In this component students will learn about the physical processes which create and change landscapes, and how people and environments interact.

Topic 1: The changing landscapes of the UK
Including sub-topics:
    - 1A: Coastal landscapes and processes
    - 1B: River landscapes and processes

Topic 2: Weather hazards and climate change

Topic 3: Ecosystems, biodiversity and management

Assessment overview

  • 37.5%
  • 94 marks
  • 1 hour 30 minutes
  • In Section A, students answer Questions 1, 2 and 3. (Not Q4)
    Students answer all questions from Sections B and C.

Component 1: The Physical Environment

In this component students will learn about human geography and issues about people and the environment.

Topic 4: Changing cities

Topic 5: Global development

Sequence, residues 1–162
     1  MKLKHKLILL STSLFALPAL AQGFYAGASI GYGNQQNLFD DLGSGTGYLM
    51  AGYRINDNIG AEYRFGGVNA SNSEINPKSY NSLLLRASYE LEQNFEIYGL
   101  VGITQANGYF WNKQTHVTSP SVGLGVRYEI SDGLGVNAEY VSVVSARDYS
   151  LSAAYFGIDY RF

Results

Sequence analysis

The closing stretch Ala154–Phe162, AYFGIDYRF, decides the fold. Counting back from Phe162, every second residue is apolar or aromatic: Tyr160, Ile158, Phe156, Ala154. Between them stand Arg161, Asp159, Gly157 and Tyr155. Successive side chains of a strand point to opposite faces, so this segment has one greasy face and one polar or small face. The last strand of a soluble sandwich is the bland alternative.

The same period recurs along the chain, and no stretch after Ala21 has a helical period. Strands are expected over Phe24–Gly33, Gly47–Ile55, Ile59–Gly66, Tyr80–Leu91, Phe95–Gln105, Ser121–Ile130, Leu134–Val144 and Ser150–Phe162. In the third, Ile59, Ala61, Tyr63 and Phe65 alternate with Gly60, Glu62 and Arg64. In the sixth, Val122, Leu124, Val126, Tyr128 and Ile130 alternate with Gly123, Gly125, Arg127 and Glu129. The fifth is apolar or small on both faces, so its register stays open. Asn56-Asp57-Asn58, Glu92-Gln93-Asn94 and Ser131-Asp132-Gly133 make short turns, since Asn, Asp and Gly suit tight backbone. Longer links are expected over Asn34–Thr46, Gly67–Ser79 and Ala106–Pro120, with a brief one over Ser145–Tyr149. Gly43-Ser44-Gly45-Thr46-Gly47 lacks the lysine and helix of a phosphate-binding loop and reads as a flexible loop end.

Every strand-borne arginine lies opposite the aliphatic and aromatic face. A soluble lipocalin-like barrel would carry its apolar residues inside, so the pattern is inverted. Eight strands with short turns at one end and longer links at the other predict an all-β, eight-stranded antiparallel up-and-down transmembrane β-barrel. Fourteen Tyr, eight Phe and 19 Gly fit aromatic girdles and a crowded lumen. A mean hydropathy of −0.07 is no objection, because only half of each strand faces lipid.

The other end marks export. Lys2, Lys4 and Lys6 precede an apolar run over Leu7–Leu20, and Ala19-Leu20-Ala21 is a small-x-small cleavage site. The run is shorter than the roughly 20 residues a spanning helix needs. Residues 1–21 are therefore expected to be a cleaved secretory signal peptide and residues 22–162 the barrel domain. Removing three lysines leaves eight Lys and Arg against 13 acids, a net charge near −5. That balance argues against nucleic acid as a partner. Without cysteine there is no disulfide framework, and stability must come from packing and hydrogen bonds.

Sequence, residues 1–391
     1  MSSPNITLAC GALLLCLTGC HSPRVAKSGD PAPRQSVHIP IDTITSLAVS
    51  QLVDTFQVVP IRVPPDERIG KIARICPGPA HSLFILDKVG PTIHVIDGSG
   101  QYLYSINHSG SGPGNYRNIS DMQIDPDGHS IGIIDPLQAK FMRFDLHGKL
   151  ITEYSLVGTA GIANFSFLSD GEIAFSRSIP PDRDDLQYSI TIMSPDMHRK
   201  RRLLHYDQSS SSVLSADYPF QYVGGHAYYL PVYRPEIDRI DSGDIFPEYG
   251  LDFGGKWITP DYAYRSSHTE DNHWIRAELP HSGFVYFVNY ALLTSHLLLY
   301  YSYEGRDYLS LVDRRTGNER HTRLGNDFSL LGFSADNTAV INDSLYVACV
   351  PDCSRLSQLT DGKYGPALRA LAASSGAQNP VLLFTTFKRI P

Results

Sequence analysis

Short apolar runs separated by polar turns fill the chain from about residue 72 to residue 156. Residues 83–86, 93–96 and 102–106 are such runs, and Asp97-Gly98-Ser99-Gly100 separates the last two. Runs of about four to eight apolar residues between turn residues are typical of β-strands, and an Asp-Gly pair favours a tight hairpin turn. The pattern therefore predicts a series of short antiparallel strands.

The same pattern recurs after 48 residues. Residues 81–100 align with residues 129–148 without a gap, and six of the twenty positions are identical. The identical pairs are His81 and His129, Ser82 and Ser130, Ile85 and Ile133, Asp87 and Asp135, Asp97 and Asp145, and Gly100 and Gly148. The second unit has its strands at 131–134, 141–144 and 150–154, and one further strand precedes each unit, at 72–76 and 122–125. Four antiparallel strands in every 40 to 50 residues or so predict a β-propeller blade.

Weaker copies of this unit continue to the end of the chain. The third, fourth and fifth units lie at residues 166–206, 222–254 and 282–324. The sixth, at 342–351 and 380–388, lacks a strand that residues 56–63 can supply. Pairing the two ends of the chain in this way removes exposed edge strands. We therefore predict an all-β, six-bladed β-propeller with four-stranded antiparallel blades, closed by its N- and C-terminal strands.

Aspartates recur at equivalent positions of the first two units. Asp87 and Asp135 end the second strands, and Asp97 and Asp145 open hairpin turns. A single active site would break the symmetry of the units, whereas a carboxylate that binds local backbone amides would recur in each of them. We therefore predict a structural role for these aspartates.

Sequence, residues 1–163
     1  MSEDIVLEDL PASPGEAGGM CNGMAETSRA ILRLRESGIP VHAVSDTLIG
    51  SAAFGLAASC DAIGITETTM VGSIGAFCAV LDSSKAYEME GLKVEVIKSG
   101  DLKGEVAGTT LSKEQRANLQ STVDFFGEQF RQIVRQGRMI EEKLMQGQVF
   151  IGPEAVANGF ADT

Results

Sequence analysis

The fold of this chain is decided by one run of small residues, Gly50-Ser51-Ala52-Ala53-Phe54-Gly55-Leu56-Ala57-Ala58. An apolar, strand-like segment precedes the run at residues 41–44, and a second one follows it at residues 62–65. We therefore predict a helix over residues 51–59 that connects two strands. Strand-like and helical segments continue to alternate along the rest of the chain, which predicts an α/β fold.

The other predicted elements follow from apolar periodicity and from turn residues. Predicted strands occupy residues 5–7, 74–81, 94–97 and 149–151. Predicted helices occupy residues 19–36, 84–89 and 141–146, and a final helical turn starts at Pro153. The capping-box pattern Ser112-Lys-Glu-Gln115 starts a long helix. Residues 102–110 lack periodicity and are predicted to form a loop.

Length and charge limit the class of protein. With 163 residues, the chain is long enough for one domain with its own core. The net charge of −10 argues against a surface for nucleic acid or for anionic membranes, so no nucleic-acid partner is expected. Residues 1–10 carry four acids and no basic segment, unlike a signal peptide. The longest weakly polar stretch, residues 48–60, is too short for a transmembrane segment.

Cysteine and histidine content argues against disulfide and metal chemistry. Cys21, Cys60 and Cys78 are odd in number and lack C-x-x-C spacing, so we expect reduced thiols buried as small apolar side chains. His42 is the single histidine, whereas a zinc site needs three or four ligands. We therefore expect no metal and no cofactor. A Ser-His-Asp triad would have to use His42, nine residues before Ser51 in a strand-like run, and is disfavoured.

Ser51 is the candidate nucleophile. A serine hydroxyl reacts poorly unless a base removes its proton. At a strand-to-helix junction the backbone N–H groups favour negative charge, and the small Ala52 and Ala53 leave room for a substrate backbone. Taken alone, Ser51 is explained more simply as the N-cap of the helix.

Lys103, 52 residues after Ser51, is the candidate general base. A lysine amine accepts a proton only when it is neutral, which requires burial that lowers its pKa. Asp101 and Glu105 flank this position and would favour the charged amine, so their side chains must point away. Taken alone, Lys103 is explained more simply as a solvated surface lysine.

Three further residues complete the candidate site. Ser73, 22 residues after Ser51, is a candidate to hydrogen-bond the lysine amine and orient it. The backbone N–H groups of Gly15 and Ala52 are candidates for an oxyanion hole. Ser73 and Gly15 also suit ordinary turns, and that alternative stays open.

Topic 6: Resource Management
Including sub-topics:
    - 6B: Water resource management

Assessment Overview

  • 37.5%
  • 94 marks
  • 1 hour 30 minutes
  • Students answer all questions from Section A and B. In Section C, students answer the optional question on water resource management.

Geographical Investigations: Fieldwork and UK Challenges

Topic 7: Geographical Investigations – fieldwork

Topic 8: Geographical investigations-UK challenges
In this component you will investigate physical and human environments through fieldwork.

Assessment overview

  • 25%
  • 64 marks
  • 1 hour 30 minutes
  • Students choose one from two optional questions (Rivers or Coasts)
  • Students choose one from two optional questions (Central/Inner Urban Area or Rural Settlements)
  • The exams include multiple-choice questions, short open, open response, calculations, 8-mark and 12-mark extended writing questions.